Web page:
ELYRIA — Former Lorain County Commissioner Michael Ross was sentenced to 9½ years in prison Friday for accepting more than $500,000 in bribes related to construction of the Justice Center and other county business.
Ross, 45, also was ordered to pay $377,000 in restitution and $48,500 in fines and court-appointed attorney fees.
A jury convicted Ross last month of 19 counts including racketeering, money laundering, bribery, and filing incomplete or fraudulent tax returns.
Ross was convicted of pocketing $582,782 in bribes for steering county contracts to his former friend and business associate Larry Jones’ company, Erie Shores Computers Inc., or to companies from which Jones had solicited bribes.
Visiting Judge Judith Cross lectured Ross, telling him that as an elected official he “ripped off” the people he was elected to serve.
Assistant County Prosecutor Tony Cillo asked Cross to impose a long sentence, saying Ross used the county as his personal ATM, and his signature and vote as his own debit card.
Ross will have to serve at least five years before he can file for early release, Lorain County Prosecutor Dennis Will said.
Will and Cillo said they respected Cross’ decision to sentence Ross to 9½ years.
“Does it make up for (his crimes)?” Will asked. “I guess it holds him accountable.”
A subdued Ross apologized for the embarrassment he had caused to the county, but the apology is not an acknowledgement of guilt, said his attorney, Michael Nelson.
Ross will appeal based on a number of issues that came up at trial, Nelson said, including rulings made by Cross on what evidence was admissible.
Nelson said Ross’ sentence was “disproportionate” to sentences for other defendants in the case.
Jones, convicted of soliciting the bribes and funneling a portion to Ross, received 36 months in prison, some 6½ years less than Ross, Nelson said.
Jones testified during the trial that he asked for bribes from Vince Carbone, the president of a Cleveland construction company that managed the building of the Lorain County Justice Center, and Randall Gordon, the president of the architectural firm that designed the project.
Jones, Carbone and Gordon all took plea deals in the case, trading their testimony in exchange for more lenient sentences. Carbone and Gordon both spent six months behind bars, and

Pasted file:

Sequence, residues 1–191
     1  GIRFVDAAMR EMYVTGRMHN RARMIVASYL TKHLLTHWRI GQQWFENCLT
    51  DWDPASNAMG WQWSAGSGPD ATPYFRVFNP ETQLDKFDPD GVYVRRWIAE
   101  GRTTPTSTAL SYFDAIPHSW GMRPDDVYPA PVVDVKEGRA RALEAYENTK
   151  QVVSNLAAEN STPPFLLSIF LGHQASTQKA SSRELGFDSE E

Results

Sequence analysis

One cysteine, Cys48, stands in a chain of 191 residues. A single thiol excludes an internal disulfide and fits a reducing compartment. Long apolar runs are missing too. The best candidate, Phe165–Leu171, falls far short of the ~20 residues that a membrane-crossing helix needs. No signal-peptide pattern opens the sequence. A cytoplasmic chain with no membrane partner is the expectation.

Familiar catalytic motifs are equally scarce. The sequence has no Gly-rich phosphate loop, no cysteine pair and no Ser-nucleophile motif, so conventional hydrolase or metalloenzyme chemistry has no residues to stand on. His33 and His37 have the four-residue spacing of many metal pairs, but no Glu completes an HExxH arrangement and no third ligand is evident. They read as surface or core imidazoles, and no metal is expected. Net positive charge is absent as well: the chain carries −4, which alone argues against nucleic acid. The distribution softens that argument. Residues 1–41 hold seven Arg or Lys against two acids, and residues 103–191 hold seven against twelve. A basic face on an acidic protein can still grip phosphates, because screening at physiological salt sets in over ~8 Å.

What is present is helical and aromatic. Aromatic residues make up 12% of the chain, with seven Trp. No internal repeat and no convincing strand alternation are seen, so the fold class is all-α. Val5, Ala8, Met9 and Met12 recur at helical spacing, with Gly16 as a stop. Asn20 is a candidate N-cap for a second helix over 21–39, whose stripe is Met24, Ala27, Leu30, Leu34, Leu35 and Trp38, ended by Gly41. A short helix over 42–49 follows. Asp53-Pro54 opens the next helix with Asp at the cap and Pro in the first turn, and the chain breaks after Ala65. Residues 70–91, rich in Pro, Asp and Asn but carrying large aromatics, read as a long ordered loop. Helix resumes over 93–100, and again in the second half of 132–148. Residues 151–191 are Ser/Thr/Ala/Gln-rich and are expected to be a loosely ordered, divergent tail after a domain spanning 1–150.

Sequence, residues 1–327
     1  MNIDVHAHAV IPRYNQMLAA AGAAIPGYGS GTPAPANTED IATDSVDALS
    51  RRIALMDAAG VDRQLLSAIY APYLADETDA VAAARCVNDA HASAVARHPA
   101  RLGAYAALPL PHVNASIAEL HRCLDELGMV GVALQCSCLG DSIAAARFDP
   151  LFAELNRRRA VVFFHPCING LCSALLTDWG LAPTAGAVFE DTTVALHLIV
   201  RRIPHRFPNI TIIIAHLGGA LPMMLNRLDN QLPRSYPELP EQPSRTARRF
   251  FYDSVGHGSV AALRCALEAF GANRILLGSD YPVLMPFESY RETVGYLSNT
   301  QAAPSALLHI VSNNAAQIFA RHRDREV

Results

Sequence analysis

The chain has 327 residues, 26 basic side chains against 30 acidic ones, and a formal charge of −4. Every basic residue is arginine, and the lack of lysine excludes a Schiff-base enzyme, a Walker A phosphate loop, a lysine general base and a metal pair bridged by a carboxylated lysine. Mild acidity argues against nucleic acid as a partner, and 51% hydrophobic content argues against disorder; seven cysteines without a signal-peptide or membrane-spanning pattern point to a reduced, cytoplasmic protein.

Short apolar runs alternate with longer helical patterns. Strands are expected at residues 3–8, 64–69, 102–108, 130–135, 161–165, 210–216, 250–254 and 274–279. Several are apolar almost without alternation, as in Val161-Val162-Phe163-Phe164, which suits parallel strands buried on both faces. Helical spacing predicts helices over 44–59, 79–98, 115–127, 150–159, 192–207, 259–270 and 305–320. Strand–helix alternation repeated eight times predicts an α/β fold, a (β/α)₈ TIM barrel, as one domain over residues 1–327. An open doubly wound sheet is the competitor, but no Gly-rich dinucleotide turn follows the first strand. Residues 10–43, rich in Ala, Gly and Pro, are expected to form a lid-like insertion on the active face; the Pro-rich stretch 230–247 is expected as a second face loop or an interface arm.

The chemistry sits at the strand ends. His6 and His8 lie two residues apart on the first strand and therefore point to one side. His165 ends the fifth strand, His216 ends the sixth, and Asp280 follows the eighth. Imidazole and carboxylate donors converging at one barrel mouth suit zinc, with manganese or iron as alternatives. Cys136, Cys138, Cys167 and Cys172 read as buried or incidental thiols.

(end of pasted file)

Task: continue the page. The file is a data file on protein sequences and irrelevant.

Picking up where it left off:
Jones was allowed to serve his sentence at the same time he was doing a three-year prison stint on unrelated federal bank fraud and money laundering charges.
Nelson said that Ross did a significant amount of legal work for Jones, and that’s what the payments were for.
Ross lost his law license and is indigent, so Nelson said he doubts the money ever will be repaid.
Cross earmarked $150,000 of restitution to the county for the purchase of the former J.C. Penney building at 25 East Ave., which is used for storage, according to sentencing documents.
Among the deals Ross got for Jones, prosecutors argued during the trial, was the sale of the building to the county for $400,000 in late 2000. Jones’ company, Erie Shores Computers Inc., had agreed to buy the building for $250,000 just a few months earlier, prosecutors said.
Cross’ sentencing entry stated that the remainder of Ross’ restitution is a quarter of the amount of the overpayments on the architectural and construction contracts and, when it is paid, it should be credited equally to Carbone and Gordon, who already made restitution to the county.
After Ross was led away in handcuffs, people who knew him for years still were wondering what had gone wrong.
Ross had every advantage, having attended law school after serving in the U.S. Air Force and he was married to a dentist. He was both the first black safety-service director in the city of Lorain and became the first black county commissioner when he was elected in 1996.
“I think Michael wanted too much, too fast and it probably was his downfall,” county Commissioner Betty Blair said. “I think sometimes you have to work for what you want.”
Blair said Ross should apologize for what he did to the county.
Nevertheless, Blair said she is proud of the Justice Center.
“What we accomplished for the citizens was good,” she said.
Ross’ tenure as commissioner ended when he was defeated in 2000 by Republican David Moore.
Tom Smith, the county’s Democratic chairman, said he didn’t know Ross well, but what happened to him is a mystery.
“He was absolutely bright — a lawyer and an attorney — and he carried himself well and was good-looking and had a great future, and it makes no sense how he got into all this trouble,” Smith said.
County Commissioner Ted Kalo said he never served alongside Ross, but got to know Ross in the early 1990s after Ross returned to Lorain County when Ross’ mother became ill.
“He was a shining star, and I don’t know what happened after that,” Kalo said.
Kalo said he knows what he would do if someone offered him a bribe: “Turn around and walk away and tell the prosecutor.”
Will, the county prosecutor, said it is up to his office to prosecute crimes, not analyze what went wrong.
“That’s a question you’d have to pose to him,” Will said of Ross. “I can’t explain human nature or why someone strays from their path.”